Reviews — From the November 2013 issue

Winds of Revolt

The poetry of Middle Eastern uprising

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Morocco won its independence from France in 1956, in a struggle commonly known as the Revolution of the King and the People. The name suggests some of the claustrophobic intimacy of Moroccan political life, in which the palace sucks up most of the available air. The newly sovereign king, Mohammed V, was a popular ruler, but no Moroccan monarch has governed without serious and sometimes violent opposition.

Two years after independence a rebellion broke out among the Berbers of the northern Rif Mountains. Mohammed sent in the Royal Army under the command of his son, Crown Prince Hassan, and troops killed thousands of Riffians, poisoning relations between the new government and its rural subjects for decades. When Hassan became king, in 1961, he confronted a growing leftist movement of students and labor unions. His regime responded with a campaign of detentions, torture, and disappearances, the beginnings of a dirty war that Moroccans call zaman al-rasas, “the years of lead.” In 1965, police killed dozens of student protesters in Casablanca; later that year, Mehdi Ben Barka, leader of the left’s largest political party, was arrested by French security officials in Paris and never seen again. Royal involvement has not been proved, though it is widely suspected.

Cover and interior page, with illustrations by Mohammed Bennani, of the second issue of Souffles. From the Bibliothèque Nationale Royaume du Maroc

Cover and interior page, with illustrations by Mohammed Bennani, of the second issue of Souffles. From the Bibliothèque Nationale Royaume du Maroc

Rural uprisings, student protests, political assassinations — such were the provocations behind Laâbi’s decision in 1966 to launch Souffles (French for “breaths”), a magazine that in its six-year existence became legendary throughout the Middle East. Several of Morocco’s best-known modern writers, such as the novelists Tahar Ben Jelloun and Abdelkébir Khatibi, were early contributors to the magazine, which ran mostly poetry and cultural criticism. The poems Laâbi wrote during this period were later collected in Le règne de barbarie, now translated by André Naffis-Sahely as The Rule of Barbarism. Laâbi was twenty-four years old when he founded Souffles; these poems are his earliest published works.

Laâbi did not grow up around books. His father was a basket weaver in Fez’s old souk, and his mother never went to school. After primary education in local French schools, Laâbi went to university in Rabat, where he read Brecht and Arrabal and attended a lecture by the French poet Pierre Emmanuel, “Le souffle et la parole” (“The Breath and the Word”), about torture in Algeria. “One of the reasons I started to write was for the men and women who are not able to express themselves,” Laâbi told the Parisian literary journal Double Change in 2001, “to allow them to speak, to have something to say.” His first works crackle with the excitement of a voice breaking into speech for the first time. The poems are for the most part long, ranging from five to twenty-three pages, and written in a mood of feverish lyricism. Posturing (“Here I am / right here / held in velvet night / bristling with wasps”) and menacing addresses to the reader (“Who told you I wasn’t a cannibal?”) alternate with obscure and violent imagery (“Flocks of nocturnal suns / distress like a nosediving plane / the fire advances / on the dykes”).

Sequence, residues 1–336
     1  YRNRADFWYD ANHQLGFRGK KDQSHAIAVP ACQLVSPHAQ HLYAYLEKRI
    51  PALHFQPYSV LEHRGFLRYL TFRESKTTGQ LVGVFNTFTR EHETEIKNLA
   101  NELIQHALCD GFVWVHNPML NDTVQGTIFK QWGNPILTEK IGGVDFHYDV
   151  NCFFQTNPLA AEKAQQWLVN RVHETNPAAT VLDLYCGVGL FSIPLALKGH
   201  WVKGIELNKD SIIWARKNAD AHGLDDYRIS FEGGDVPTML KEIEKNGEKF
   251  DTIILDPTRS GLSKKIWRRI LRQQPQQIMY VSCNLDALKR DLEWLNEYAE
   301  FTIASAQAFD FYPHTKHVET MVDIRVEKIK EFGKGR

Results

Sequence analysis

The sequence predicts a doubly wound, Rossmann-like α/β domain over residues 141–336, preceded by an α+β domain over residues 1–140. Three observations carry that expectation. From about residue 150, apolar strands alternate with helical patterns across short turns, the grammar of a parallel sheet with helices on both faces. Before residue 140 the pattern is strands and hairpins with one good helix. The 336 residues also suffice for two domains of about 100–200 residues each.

Laâbi’s poems are inseparable from the magazine in which he published them. The mission of Souffles was what Frantz Fanon, the Martinican-born spokesman for the Algerian revolution, called “cultural decolonization.” For Laâbi and his collaborators, Morocco had won political independence from France without also winning its cultural independence. Colonial ways of thinking, with their racial categories, historical schemas, and hierarchy of literary forms, still held sway in the Morocco of the 1960s, as they did elsewhere in North Africa. What Souffles aimed at was the creation of a new culture, one that would tear itself free of the recent colonial past and plant itself in the deeper soil of Morocco’s Arab and Berber history.

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is poetry editor of The Paris Review and teaches comparative literature at Brown University. His last article for Harper’s Magazine, “Undelivered,” appeared in the February 2011 issue.

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